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RFC: Runnable test code integrated into Modules.

by BrowserUk (Pope)
on Jan 30, 2003 at 11:06 UTC ( #231256=perlmeditation: print w/replies, xml ) Need Help??

I've recently been trying to put together a module for distribution and it struck me that in the same way that using POD keeps the documentation together with the module, it would be useful if you could do the same thing with a test suite/program. It would also be useful if the test program was useable directly for install time verification.

I thought about various schemes of having a test function or method that could be invoked, which would be okay, but still require another script--even if it is only a -e one-liner to invoke the test code.

Then inspiration hit me and I remembered 2 things I had seen recently.

  1. A comment in the CB that a module doesn't need a shebang line as it isn't intended for direct extecution.
  2. -x command line switch that can be used to skip over junk at the top of a script until a shebang line is found and start executing there.

Putting the two together took a little experimentation, but the result is that you can construct a .pm file that acts in every way that I have tried as a normal module when invoked via either a use my::module; statement or a require 'my::module'; or even a one-liner using the -m switch.

However, if the module is run as a program using the -x switch, it will execute the embedded program, load itself as a module and function as a 'normal' script would.

A trivial example

package My::Module; sub new{ bless \rand, shift(); } sub do_something{ print 'Do what?'; } return 1; =head1 NAME My::Module - Test my idea. =head1 Synopsys/Example See demo/test code at the end of this module. =head1 Description Demo of idea to integrate a runnable test suite into a module =head1 Copyright Copyright 2003, by BrowserUK. All rights reserved. May be used, copied, altered or sold freely under the same terms a +nd conditions as Perl itself. =head1 Demo/test program. The following code serves as both demo program and test suite. To run the integrated version switch to the directory where the mo +dule is located and type: =begin text perl -x Module.pm =end text The program should respond with: =begin text E:\Perl\site\lib\My>perl -x Module.pm Do what? E:\Perl\site\lib\My> =end =cut #! perl use strict; # use My::Module; # Use this instead of the following line in your cod +e. unshift @INC, '.'; require $0; my $test = My::Module->new(); $test->do_something();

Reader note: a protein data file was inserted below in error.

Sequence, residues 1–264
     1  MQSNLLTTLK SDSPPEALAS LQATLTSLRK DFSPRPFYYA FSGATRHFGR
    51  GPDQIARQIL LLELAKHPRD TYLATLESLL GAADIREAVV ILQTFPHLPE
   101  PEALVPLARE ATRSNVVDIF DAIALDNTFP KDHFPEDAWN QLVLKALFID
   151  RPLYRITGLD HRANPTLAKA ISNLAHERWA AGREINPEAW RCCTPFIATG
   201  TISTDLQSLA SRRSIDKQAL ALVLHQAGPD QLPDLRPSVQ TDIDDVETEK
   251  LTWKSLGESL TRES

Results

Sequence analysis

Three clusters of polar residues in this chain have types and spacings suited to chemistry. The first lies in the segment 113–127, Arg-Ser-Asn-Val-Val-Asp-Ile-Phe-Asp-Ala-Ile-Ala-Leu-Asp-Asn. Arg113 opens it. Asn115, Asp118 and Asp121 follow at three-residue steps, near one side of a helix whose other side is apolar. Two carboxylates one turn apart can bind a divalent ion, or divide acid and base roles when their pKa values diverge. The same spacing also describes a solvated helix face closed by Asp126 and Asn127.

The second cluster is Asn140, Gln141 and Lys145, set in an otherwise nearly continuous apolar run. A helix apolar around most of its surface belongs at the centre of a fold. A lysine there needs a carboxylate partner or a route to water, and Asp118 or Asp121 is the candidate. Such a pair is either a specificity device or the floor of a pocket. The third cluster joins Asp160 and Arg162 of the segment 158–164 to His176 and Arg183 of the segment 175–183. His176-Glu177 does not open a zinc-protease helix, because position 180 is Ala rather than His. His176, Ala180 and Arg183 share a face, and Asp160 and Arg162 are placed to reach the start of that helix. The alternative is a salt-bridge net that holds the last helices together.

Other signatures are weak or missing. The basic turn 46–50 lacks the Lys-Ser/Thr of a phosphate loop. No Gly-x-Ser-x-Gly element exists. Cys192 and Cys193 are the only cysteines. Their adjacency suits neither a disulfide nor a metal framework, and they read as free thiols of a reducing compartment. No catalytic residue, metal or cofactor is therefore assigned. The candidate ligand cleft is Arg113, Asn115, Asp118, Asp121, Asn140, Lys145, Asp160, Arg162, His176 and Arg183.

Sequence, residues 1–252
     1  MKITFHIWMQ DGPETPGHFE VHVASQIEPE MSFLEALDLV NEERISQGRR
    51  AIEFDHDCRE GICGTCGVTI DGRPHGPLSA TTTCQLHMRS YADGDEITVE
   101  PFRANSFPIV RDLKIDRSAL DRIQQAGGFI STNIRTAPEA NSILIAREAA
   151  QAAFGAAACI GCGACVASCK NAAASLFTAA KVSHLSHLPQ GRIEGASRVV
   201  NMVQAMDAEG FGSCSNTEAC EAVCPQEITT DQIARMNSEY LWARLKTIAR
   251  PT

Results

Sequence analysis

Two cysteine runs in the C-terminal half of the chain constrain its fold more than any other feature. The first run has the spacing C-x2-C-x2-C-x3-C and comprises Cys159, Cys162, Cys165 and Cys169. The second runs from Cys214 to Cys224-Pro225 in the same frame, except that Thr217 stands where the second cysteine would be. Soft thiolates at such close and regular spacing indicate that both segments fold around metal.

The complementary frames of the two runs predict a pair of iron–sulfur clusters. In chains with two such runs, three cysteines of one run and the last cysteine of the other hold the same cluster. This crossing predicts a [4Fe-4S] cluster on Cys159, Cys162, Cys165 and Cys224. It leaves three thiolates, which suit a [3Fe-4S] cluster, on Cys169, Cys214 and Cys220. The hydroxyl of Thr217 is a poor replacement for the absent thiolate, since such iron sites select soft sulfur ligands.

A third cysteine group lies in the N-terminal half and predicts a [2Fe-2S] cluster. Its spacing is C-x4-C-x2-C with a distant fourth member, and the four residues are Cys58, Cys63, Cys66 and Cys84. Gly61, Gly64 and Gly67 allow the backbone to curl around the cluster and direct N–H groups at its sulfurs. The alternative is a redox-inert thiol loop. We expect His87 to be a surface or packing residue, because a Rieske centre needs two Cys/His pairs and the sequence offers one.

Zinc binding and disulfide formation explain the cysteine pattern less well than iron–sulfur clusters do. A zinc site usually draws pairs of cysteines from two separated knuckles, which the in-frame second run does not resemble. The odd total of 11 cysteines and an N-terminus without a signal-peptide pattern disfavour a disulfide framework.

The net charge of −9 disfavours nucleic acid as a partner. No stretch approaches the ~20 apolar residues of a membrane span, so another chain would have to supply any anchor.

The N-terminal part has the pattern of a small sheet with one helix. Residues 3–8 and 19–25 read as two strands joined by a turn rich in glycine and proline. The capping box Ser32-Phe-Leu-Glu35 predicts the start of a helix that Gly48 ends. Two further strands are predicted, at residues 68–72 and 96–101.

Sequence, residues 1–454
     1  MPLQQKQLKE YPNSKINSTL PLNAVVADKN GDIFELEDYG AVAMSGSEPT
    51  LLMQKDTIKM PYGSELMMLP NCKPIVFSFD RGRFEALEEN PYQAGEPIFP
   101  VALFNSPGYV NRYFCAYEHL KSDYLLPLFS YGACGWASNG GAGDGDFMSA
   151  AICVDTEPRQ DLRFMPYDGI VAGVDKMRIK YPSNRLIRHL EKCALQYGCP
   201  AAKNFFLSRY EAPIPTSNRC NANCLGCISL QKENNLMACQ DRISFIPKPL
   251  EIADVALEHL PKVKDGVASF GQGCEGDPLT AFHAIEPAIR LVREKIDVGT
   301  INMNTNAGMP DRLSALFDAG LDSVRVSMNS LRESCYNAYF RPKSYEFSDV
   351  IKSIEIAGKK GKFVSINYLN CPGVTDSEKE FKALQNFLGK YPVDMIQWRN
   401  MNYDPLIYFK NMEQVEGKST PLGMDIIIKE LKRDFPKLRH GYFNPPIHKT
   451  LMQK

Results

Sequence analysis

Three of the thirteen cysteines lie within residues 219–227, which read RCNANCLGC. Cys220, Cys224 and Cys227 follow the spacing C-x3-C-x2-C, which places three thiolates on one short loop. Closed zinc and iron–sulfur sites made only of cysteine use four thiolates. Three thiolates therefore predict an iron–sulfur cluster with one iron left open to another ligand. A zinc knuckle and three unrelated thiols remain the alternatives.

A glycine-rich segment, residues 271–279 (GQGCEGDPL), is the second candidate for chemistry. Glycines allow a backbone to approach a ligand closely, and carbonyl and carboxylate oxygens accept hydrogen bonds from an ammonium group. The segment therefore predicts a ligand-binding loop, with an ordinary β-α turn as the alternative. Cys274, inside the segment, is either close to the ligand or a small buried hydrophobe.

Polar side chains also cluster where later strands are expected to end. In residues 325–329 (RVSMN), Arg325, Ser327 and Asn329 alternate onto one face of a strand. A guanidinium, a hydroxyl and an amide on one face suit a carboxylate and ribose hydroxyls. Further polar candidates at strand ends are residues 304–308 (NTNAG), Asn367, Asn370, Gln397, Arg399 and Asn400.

Is this a useful idea? Stupid?


Examine what is said, not who speaks.

The 7th Rule of perl club is -- pearl clubs are easily damaged. Use a diamond club instead.

Replies are listed 'Best First'.
Re: RFC: Runnable test code integrated into Modules.
by adrianh (Chancellor) on Jan 30, 2003 at 11:27 UTC

    You might be interested in Test::Inline, which puts test in special POD comments and is cute.

    There's also Test::Extreme which also inlines tests (but isn't cute in my opinion)

    Personally, I'm not to enamoured of inline tests since I find it makes refactoring test suites harder... but other people seem to like it ;-)

      adrianh, could you explain why do you think Test::Extreme is not cute? I was going to use it, but noticed your comment... :)

      --dda

        Basically because it ignores Test::Builder, and the modules built with it.